No, it’s not a rave toy gone horribly wrong, it’s another spooky tool making its way into the hands of law enforcement and the military. Designed as one of a growing body of non-lethal incapacitating devices, the flashlight uses ultra bright, rapidly pulsating LEDs to first temporarily blind and then induce nausea and sometimes vomiting. The pulses quickly change color and duration, which can cause psychophysical effects in many people (although to what extent varies significantly). The same effect is sometimes inadvertently seen by helicopter pilots when sunlight rapidly flashes through their rotors, disorienting them in mid-flight. The flashlight has obvious downsides—the victim must be in front of the light and must not think quickly enough to look away—but is a promising tool for non-violent enforcement.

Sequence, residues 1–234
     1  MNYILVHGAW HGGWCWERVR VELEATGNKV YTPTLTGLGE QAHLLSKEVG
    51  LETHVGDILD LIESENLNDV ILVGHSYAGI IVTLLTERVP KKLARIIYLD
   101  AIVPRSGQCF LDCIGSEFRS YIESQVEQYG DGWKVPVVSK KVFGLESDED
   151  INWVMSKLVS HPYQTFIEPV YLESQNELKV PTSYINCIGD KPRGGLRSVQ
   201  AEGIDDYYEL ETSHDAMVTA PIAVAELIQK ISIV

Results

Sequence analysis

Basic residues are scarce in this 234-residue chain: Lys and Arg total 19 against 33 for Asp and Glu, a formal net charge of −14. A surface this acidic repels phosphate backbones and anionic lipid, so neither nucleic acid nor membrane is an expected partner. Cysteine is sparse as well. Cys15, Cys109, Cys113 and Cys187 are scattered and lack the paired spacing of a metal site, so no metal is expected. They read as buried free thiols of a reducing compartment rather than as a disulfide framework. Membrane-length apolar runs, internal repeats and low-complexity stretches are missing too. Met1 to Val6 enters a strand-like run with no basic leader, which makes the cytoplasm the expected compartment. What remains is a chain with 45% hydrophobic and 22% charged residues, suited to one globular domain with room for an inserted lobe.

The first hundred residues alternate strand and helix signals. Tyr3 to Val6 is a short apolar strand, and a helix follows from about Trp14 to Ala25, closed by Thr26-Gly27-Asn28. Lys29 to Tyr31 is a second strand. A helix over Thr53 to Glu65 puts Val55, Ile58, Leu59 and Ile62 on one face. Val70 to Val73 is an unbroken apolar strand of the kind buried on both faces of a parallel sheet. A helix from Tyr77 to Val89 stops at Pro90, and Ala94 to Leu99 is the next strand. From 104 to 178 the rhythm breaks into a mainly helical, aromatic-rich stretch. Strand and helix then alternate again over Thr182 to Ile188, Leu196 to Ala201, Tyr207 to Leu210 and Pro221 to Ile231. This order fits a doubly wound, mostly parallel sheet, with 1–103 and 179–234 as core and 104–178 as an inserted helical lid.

These pictures were taken on the ground, from the inside of the disaster. It is far from the abstract image of the nuclear mushroom. These pictures show Hiroshima a few days after Enola Gay dropped the atomic bomb, on August 6th 1945, at 8.17am. These pictures have not been revealed to the US general public yet…
These photographs, taken by an unknown Japanese photographer, were found in 1945 among rolls of undeveloped film in a cave outside Hiroshima by U.S. serviceman Robert L. Capp, who was attached to the occupation forces. Unlike most photos of the Hiroshima bombing, these dramatically convey the human as well as material destruction unleashed by the atomic bomb.
Please contact Sean L. Malloy (email@example.com) if you have any information that might help identify the original photographer.
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